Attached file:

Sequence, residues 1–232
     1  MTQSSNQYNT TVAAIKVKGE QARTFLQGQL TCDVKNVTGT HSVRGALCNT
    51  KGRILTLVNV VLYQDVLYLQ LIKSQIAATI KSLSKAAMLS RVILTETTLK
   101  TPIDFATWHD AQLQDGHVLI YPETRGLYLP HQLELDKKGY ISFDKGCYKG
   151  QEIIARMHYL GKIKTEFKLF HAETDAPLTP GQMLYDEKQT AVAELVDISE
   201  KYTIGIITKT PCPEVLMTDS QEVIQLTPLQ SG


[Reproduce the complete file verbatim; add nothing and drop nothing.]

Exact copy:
Sequence, residues 1–232
     1  MTQSSNQYNT TVAAIKVKGE QARTFLQGQL TCDVKNVTGT HSVRGALCNT
    51  KGRILTLVNV VLYQDVLYLQ LIKSQIAATI KSLSKAAMLS RVILTETTLK
   101  TPIDFATWHD AQLQDGHVLI YPETRGLYLP HQLELDKKGY ISFDKGCYKG
   151  QEIIARMHYL GKIKTEFKLF HAETDAPLTP GQMLYDEKQT AVAELVDISE
   201  KYTIGIITKT PCPEVLMTDS QEVIQLTPLQ SG